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In The Stone column on the New York Times Site, there is an article about the issue of moral responsibility, in light of the notion that we are what we are because of such factors as genetics, environment, or perhaps determinism and/or chance. In the end the author stoically concludes, that despite it all in some sense we can choose to take responsibility for our actions. While I respect the author's sense of duty, can we fairly extend that same responsibility to other people? For example, could there still be any defense of punishment that isn't consequentalist. For that matter how can any nonconsequentialist ethical theory hold up against this argument?

July 24, 2010

Response from Gordon Marino on July 25, 2010
Given the premises, I can't think of anything but a consequentialist defense of punishment or "correction." I also believe that that some of the arguments around this issue provide an opportunity for reflection on our powerful attachment to the rhetoric of "taking responsibility."We do not hear enough about our responsibility as a nation to create communities that nurture a sense of morality and connection with others. Many only want to talk about personal responsibility and it is often with a punitive edge. There might be other terms in which to couch the issue of moral striving.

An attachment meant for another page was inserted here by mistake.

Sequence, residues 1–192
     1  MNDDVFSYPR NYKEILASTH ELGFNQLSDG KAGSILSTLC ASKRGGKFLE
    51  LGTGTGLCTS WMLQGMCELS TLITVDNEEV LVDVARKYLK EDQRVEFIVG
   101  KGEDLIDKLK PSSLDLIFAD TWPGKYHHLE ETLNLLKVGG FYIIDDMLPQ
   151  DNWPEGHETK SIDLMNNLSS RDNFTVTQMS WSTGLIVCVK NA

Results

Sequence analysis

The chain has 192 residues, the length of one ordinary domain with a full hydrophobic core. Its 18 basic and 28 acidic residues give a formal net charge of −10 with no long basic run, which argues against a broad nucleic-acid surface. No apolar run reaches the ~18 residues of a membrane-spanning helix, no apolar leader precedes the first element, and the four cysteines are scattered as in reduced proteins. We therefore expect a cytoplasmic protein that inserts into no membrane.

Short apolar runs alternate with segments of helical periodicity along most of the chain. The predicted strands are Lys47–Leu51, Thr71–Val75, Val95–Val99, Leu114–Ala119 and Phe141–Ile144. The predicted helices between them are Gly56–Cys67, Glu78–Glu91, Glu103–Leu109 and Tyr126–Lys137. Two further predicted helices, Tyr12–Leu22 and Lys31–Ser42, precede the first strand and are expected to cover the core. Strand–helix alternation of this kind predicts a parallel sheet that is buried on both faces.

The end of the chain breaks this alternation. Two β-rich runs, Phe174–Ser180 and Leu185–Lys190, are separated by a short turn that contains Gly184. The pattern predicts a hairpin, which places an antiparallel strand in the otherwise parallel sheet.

Response from Eddy Nahmias on July 27, 2010

Given your question, you may be interested in a discussion of Strawson's NYTimes article at the free will/moral responsibility blog, Flickers of Freedom, here.

There's also a discussion on retribution and punishment (and psychopaths) at the blog here.

You'll see in these discussions that there are plenty of philosophers (called compatibilists) who think that free will and moral responsibility are possible even if determinism is true, and who reject Strawson's argument against the possibility of freedom and responsibility. These compatibilists will generally say that retributive punishment is justified, though they might also think that punishing (or treating) criminals for consequentialist reasons (such as deterrence and rehabilitation) is also important.

My own view is that we can have free will and moral responsibility (determinism is irrelevant to this issue), but that we have less than we think (because the sciences of the mind are showing that we have less self-knowledge and conscious control than we think). So, I think retributive punishment can be justified, but usually criminals deserve less of this sort of punishment than our system doles out. We should put more emphasis on the forward-looking purposes of punishment (or, if you wish, call it quarantine and rehabilitation).


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